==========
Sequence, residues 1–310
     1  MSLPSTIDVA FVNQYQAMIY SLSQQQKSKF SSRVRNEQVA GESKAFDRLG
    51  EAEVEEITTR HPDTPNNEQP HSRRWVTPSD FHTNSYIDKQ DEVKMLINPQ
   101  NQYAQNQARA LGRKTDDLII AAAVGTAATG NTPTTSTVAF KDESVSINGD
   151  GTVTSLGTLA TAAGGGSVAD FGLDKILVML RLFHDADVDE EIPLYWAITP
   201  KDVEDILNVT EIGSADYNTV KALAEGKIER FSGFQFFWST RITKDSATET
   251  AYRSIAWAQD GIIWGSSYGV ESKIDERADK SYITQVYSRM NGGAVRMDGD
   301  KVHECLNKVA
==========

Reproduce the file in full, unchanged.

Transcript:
Sequence, residues 1–310
     1  MSLPSTIDVA FVNQYQAMIY SLSQQQKSKF SSRVRNEQVA GESKAFDRLG
    51  EAEVEEITTR HPDTPNNEQP HSRRWVTPSD FHTNSYIDKQ DEVKMLINPQ
   101  NQYAQNQARA LGRKTDDLII AAAVGTAATG NTPTTSTVAF KDESVSINGD
   151  GTVTSLGTLA TAAGGGSVAD FGLDKILVML RLFHDADVDE EIPLYWAITP
   201  KDVEDILNVT EIGSADYNTV KALAEGKIER FSGFQFFWST RITKDSATET
   251  AYRSIAWAQD GIIWGSSYGV ESKIDERADK SYITQVYSRM NGGAVRMDGD
   301  KVHECLNKVA